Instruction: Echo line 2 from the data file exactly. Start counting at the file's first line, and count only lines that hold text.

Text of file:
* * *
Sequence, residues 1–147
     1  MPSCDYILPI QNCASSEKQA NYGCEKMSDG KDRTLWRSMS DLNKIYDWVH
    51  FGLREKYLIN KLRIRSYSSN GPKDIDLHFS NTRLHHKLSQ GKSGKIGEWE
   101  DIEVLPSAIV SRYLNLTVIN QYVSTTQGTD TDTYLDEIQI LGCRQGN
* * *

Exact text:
     1  MPSCDYILPI QNCASSEKQA NYGCEKMSDG KDRTLWRSMS DLNKIYDWVH